TREATMENT Wilson’s Disease
Recommended anticopper treatments are listed in Table 408-2. Penicillamine was previously the primary anticopper treatment but now plays only a minor role because of its toxicity and because it often worsens existing neurologic disease if used as initial therapy. If penicillamine is given, it should always be accompanied by pyridoxine (25 mg/d). Trientine is a less toxic chelator and is supplanting penicillamine when a chelator is indicated.
For patients with hepatitis or cirrhosis but without evidence of hepatic decompensation or neurologic/psychiatric symptoms, zinc is the therapy of choice although some experts advocate therapy with trientine. Zinc has proven efficacy in Wilson’s disease and is essentially nontoxic. It produces a negative copper balance by blocking intestinal absorption of copper, and it induces hepatic metallothionein synthesis, thereby sequestering additional toxic copper. All presymptomatic patients should be treated prophylactically because the disease is close to 100% penetrant.
The first step in evaluating patients presenting with hepatic decompensation is to establish disease severity, which can be estimated with the Nazer prognostic index (Table 408-3). Patients with scores <7 can usually be managed with medical therapy. Patients with scores >9 should be considered immediately for liver transplantation. For patients with scores between 7 and 9, clinical judgment is required in deciding whether to recommend transplantation or medical therapy. A combination of trientine and zinc has been used to treat patients with Nazer scores as high as 9, but such patients should be watched carefully for indications of hepatic deterioration, which mandates transplantation.
For initial medical treatment of patients with hepatic decompensation, the recommended regimen is a chelator (preferably trientine) plus zinc (Table 408-2). Zinc should not, however, be ingested simultaneously with trientine, which chelates zinc and forms therapeutically ineffective complexes. Administration of the two drugs should be separated by at least 1 h.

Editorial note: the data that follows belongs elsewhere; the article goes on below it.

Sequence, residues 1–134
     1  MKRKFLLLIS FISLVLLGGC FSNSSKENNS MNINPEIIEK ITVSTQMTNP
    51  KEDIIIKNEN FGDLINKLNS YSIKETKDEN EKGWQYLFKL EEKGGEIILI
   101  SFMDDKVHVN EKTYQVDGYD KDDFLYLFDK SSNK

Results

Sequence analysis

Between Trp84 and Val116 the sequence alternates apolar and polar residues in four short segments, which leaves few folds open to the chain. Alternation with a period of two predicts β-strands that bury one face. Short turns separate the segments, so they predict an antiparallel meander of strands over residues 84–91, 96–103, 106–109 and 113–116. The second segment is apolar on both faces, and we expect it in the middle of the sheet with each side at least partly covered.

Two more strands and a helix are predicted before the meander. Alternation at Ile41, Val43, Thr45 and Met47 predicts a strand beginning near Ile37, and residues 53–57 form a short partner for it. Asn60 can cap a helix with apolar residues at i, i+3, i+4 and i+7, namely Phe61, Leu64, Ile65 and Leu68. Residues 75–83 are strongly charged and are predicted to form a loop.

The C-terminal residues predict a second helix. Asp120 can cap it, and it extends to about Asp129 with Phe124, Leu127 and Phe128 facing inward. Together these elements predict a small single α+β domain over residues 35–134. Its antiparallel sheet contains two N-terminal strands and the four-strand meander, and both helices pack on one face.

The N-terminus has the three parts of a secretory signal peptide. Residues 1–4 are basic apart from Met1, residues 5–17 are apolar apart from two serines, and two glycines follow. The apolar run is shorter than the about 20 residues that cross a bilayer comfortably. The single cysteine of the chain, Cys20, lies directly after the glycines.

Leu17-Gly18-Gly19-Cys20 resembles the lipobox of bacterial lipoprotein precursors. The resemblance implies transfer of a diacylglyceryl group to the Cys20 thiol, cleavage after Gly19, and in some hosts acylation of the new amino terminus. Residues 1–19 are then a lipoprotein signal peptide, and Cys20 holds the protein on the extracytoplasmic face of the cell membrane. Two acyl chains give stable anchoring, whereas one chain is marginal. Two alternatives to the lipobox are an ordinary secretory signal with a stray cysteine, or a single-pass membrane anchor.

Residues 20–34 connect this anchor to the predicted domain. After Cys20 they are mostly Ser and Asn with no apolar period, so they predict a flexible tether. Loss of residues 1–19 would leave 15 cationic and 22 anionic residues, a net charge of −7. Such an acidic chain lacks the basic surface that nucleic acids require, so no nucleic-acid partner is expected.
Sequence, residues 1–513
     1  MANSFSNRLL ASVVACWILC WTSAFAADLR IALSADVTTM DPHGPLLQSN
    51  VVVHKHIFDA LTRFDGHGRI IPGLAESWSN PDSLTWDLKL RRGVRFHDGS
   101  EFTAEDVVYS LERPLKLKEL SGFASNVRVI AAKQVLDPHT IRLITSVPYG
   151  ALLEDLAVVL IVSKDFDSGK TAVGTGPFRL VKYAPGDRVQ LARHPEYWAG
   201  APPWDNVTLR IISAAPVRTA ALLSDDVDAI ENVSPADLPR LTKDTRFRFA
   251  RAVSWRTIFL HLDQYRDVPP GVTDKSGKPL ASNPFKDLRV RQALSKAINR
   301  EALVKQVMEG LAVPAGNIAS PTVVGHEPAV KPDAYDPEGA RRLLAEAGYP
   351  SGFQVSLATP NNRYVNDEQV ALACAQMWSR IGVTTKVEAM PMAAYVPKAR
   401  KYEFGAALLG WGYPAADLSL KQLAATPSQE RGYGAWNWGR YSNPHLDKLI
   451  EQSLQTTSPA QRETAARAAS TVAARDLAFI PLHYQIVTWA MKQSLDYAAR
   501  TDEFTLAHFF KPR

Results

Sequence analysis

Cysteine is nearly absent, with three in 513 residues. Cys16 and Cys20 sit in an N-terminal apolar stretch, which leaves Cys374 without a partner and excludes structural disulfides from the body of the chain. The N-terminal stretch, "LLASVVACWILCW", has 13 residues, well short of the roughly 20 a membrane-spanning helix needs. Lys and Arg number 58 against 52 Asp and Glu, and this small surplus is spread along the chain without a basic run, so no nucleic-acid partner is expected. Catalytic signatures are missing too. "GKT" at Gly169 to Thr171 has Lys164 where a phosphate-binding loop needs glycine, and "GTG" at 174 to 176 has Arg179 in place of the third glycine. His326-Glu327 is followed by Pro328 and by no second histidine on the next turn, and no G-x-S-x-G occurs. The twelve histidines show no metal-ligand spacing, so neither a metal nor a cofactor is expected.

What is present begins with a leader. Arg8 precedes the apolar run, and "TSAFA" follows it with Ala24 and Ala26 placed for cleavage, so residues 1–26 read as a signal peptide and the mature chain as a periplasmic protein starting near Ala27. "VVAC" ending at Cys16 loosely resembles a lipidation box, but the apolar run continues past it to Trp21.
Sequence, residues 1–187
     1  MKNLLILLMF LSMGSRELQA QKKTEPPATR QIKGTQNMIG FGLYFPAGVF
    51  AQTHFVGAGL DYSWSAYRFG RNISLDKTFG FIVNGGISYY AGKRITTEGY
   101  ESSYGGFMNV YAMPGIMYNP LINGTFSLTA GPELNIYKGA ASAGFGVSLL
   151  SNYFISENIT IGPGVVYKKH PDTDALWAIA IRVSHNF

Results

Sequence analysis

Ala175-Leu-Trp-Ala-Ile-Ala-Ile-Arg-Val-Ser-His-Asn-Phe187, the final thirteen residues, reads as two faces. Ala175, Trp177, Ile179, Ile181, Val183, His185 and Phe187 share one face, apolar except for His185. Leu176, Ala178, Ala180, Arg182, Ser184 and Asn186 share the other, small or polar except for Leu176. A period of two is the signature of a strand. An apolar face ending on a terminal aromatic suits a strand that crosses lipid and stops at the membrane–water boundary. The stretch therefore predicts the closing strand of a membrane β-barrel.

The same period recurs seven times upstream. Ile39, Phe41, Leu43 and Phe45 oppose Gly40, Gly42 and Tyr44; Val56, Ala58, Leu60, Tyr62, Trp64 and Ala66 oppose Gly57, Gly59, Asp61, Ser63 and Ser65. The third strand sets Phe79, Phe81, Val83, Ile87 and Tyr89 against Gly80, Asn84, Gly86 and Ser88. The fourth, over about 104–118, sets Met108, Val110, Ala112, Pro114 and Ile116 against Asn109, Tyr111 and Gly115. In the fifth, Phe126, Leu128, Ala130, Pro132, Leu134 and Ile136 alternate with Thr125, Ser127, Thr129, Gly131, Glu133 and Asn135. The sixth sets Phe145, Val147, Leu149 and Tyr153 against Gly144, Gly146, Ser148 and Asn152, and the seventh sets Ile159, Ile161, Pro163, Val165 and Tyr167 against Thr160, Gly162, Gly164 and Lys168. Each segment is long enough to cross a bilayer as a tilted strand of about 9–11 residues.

For initial neurologic therapy, tetrathiomolybdate is emerging as the drug of choice because of its rapid control of free copper, preservation of neurologic function, and low toxicity. Penicillamine and trientine should be avoided because both have a high risk of worsening the neurologic condition. Until tetrathiomolybdate is commercially available, zinc therapy is recommended. Although it is relatively slow-acting, zinc itself does not exacerbate neurologic abnormalities. Although hepatic transplantation may alleviate neurologic symptoms, it does so only by copper removal, which can be done more safely and inexpensively with anticopper drugs. Pregnant patients should be treated with zinc or trientine throughout pregnancy but without tight copper control because copper deficiency can be teratogenic.
Anticopper therapy must be lifelong. With treatment, liver function usually recovers after about a year although residual liver damage is usually present. Neurologic and psychiatric symptoms usually improve after 6–24 months of treatment.